Global immigration backlash affects tech companies

Global immigration backlash affects tech companies
Indian tech giants like Infosys are worried that tighter restrictions on foreign workers in some of the world’s biggest markets pose a major risk to its business. A large number of the company's employees..

Indian tech giants like Infosys are worried that tighter restrictions on foreign workers in some of the world’s biggest markets pose a major risk to its business. 

A large number of the company's employees depend on visas to work on projects for clients in the United States, Europe and Australia. 


The pace of global immigration has accelerated since the 18th century. Manning distinguishes three major types of immigration as labor, refugee and urbanization. This phenomenon began in the Industrialization period in Britain and spread to rest of the world and continues to this day in many areas. 

Since 1975, the United States has assisted in the resettlement of more than 3 million refugees. Illegal immigration was a signature issue of U.S. President Donald Trump's presidential campaign, and has continued to play a big role in his policies. He has repeatedly blamed immigrants for multiple problems within America. 

Trump's proposals regarding H-1B visas frequently changed throughout his presidential campaign, but as of late July 2016, he appeared to oppose the H-1B visa program. After being sworn in, the US President initiated a travel ban, on entrants from a number of Muslim-majority countries. Trump recently also reversed the H-1B visa specification that allows the spouses of individuals to work.On May 7th, Attorney General Jeff Sessions announced a “zero tolerance” policy for immigration. 

Established in 1981, Infosys is a NYSE listed global consulting and IT services company with more than 209,000 employees. From a capital of US$250, they have grown to become a US$11.12 billion company with a market capitalization of approximately US$ 42.4 billion. They have catalyzed some of the major changes that have led to India’s emergence as the global destination for software services talent. 


"An increase in anti-outsourcing sentiments in certain countries in which we operate, including the United States, United Kingdom, European Union and Australia have led and may in the future lead to the enactment of restrictive legislations," Infosys said in a filing with the Securities and Exchange Commission last week. 

The US Citizenship and Immigration Services (USCIS) updated its policy earlier this month to make it easier to reject visa applications outright without giving applicants the chance to produce more documentation.The changes will take effect on September 11.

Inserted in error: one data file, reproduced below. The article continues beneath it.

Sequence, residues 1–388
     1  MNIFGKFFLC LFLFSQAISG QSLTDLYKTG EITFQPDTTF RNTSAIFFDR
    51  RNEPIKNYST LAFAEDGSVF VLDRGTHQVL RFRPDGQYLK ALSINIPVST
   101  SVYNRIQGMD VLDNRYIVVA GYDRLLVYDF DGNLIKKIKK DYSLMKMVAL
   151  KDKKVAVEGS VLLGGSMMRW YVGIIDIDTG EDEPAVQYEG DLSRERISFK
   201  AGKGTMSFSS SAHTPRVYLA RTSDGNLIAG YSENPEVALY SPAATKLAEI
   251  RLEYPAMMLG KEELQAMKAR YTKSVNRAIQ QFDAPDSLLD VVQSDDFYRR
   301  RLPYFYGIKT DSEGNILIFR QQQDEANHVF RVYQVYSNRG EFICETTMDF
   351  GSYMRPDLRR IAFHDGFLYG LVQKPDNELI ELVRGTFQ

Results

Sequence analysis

Legislations such as the one by USCIS could make it harder for Infosys to win customers and send workers to those countries, which "could hamper our growth or cause our revenues to decline and impact profitability," they added. 

Infosys, which employs over 200,000 people worldwide, is a key player in India's outsourcing industry. They are also one of the top recipients of H-1B visas to the United States. More than 70% of H-1B visas have traditionally gone to Indians.Other big Indian tech companies have also been affected by US policy changes. Wipro warned last year that Trump was a risk to its business, while the industry's biggest player, TCS, has been cutting back on H-1B visas. 

Infosys has pledged to take on more American workers, announcing last year that would hire 10,000 new people in the country. But the problem is that US does not produce enough professionals to fill all of the open high-tech jobs available around the country. There are almost five open jobs for every software developer who is looking for work, according to Yoh, a talent discovery company. 

The tech sector has made good use of the H-1B visa, though the numbers have remained fairly steady since 2000. The 65% of H-1B petitions approved in FY 2014 were for workers in computer-related occupations. These jobs were relatively well paying, with a median salary of $75,000 in FY2014 — well above what many of these workers could have earned in their home countries. 

More significantly, immigrants often become captains of innovation.Immigrants contributed to more than 60% of the patent filings at innovative companies such as Qualcomm, Merck, General Electric and Cisco Systems. About 24% of U.S. engineering and technology startup companies and 44% of those based in Silicon Valley were founded by immigrants, according to “America’s New Immigrant Entrepreneurs: Then and Now,” a paper co-authored by Wadhwa.


Facing a crackdown on the  H-1B visa, hundreds of wealthy Indians have turned to EB-5 visa as it fast tracks immigrants to a green card. 

EB-5 visas gives immigrants a green card if they invest $500,000 and create 10 jobs in the US. The US government issued 174 such visas to Indians in the year ended September 2017, an increase of about 17% over the previous year, according to State Department data.


Our assessment is that strict migration policies around the world  affects business prospects of big tech companies and the economy of these countries. We feel that legal immigrants bring diversity, innovation and greater intellectual capabilities to countries like the US. We believe that the policy by the USCIS should have measures that ensure inflow of quality human resource and not mere arbitrary rejection of visa proposals.